Cincinnati Reds: The long ball has doomed Anthony DeSclafani

CINCINNATI, OH - AUGUST 17: Anthony DeSclafani #28 of the Cincinnati Reds throws a pitch during the first inning of the game against the San Francisco Giants at Great American Ball Park on August 17, 2018 in Cincinnati, Ohio. (Photo by Kirk Irwin/Getty Images)
CINCINNATI, OH - AUGUST 17: Anthony DeSclafani #28 of the Cincinnati Reds throws a pitch during the first inning of the game against the San Francisco Giants at Great American Ball Park on August 17, 2018 in Cincinnati, Ohio. (Photo by Kirk Irwin/Getty Images) /

The Cincinnati Reds pitching staff has been successful limiting home runs all season, except for Anthony DeSclafani. He takes the hill tonight in St. Louis.

Since Anthony DeSclafani was acquired in December 2014 from the Miami Marlins for Mat Latos, he has been an important part of the Cincinnati Reds starting rotation. DeSclafani was one of the lone bright spots on the historically bad pitching staff the Reds employed from 2015-2018. However, the recent upgrades to the rotation have Disco looking like the weak link.

Before this season, DeSclafani produced solid numbers even though most of the Reds’ staff failed to perform. In 2015, his first with the Reds, Disco had a 4.05 ERA and a 3.67 FIP in 184.2 innings. In 2016, he was injured at the start of the season but ultimately had a great season. DeSclafani had a 3.28 ERA and a 3.96 FIP in 123.1 innings.

Unfortunately, 2017 was a lost season for Anthony DeSclafani. Disco was injured for most of the season. He went on a rehab assignment in the minors but ultimately was shut down for the season without making an appearance in the big leagues.

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Last season, DeSclafani missed the first two months of the season, but he did make his season debut in June. DeSclafani struggled more than he had during his entire Cincinnati Reds career. He finished the season with a 4.93 ERA and a 4.83 FIP in 115 innings.

This season, outside of a couple of starts, has been a struggle for Anthony DeSclafani as well. He currently has a 4.97 ERA and a 5.57 FIP in 54.1 innings. What has happened to Disco? If you look at his stats from 2015-2016 and compare them to 2018-2019, the clear problem is the long ball.

In 2015, DeSclafani gave up 17 home runs in 184.2 innings. In 2016, he gave up 16 home runs in 123.1 innings. Those aren’t bad numbers, but there was an increase in his home run rate from 2015 to 2016.

Last season, Disco’s home run rate went up even more. DeSclafani allowed 24 dingers in 115 innings. So far this season, it hasn’t been any better for Anthony DeSclafani as home run rate continues to climb. He has already allowed 14 home runs this season in only 54.1 innings.

Surrendering the long ball is obviously Disco’s biggest problem, but why is this happening? Well, there are many factors. First, he pitches half his games in hitter friendly Great American Ball Park where home run balls fly out often. However, that doesn’t tell the whole story and we’ve yet to reach the middle of summer when balls will likely leave GABP at an alarming rate.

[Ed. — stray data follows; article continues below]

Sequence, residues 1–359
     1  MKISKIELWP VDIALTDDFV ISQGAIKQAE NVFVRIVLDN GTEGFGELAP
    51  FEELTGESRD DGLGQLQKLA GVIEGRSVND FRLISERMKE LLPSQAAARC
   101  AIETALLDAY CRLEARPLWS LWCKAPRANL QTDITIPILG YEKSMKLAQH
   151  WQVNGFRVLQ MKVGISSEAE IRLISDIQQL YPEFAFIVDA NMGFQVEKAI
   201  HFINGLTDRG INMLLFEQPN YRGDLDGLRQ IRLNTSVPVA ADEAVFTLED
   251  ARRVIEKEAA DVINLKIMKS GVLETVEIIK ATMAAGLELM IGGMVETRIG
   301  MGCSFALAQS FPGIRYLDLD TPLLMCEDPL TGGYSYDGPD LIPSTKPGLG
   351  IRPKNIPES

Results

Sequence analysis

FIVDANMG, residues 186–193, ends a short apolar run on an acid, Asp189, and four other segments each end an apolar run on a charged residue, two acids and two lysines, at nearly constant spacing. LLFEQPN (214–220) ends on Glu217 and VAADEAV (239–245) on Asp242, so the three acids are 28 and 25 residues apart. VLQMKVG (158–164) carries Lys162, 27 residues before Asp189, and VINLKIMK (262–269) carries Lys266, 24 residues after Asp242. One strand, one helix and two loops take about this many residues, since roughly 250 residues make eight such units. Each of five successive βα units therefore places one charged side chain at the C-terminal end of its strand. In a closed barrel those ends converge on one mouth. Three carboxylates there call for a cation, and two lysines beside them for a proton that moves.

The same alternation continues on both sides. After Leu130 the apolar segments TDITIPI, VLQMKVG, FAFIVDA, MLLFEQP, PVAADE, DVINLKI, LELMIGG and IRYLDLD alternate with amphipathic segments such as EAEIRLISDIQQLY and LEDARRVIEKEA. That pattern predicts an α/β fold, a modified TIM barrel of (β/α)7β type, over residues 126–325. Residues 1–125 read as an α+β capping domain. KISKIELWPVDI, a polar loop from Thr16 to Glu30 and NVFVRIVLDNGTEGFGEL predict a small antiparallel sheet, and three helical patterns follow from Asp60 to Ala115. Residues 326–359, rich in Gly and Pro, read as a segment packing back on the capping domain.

We live in an age where launch angle and hitters lifting the ball is becoming more common from team to team and from player to player. Thus, the home run numbers in baseball continue to go up.

In fact, it seems as if there is a new record for home runs in baseball every month and year that passes. This May saw more balls leave the yard than any month in the history of the sport. A total of 1,135 homers were hit in May, breaking the previous record of 1,119 set in August of 2017.

Even though Disco has no control over what era he pitches in, his pitching style certainty isn’t doing him any favors. Anthony DeSclafani has long been considered a fly ball pitcher, a problem if he’s not locating his pitches correctly.

Through his first two seasons with the Cincinnati Reds, he was a fly ball pitcher and his ground ball to flyball ratio would indicate that. In 2015, he had a 0.83 GB/FB ratio. In 2016, he had a 0.74 GB/FB ratio.

As Disco’s Reds’ career goes on, his GB/FB ratio has continued to show that he produces more fly balls than ground balls. Last season, the GB/FB ratio showed this trend by dropping to 0.72. This season it has dropped even more dramatically to 0.56 GB/FB.

Now, this isn’t a bad thing for a pitcher to be a fly ball pitcher rather a ground ball pitcher, as both styles can work, but more fly balls given up equals a better chance for more balls to go over the wall. Ultimately, pitching style is hurting Disco and leading to him giving up more home runs.

If there is a silver lining to DeSclafani’s struggles with the home run ball, it is that of the 14 home runs he has given up so far this season, 9 have been of the solo variety. So, if DeSclafani can continue keeping the home runs to just solo shots, he may be able to be survive even with an outrageous amount of home runs give up.

Bronson Arroyo always gave up a lot of home runs during his Cincinnati Reds’ career but he still was successful throughout his time in the Queen City. I’m not saying DeSclafani will be as successful as Arroyo but if he can keep the traffic off the bases when he gives up home runs, I think he can be.

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If DeSclafani continues to struggle and starts to compound his mistakes by giving up homers with men on base, he may be the odd man out in the starting rotation when Alex Wood comes off the injured list. Disco may be ticketed for the bullpen if he doesn’t get his home run problem under control.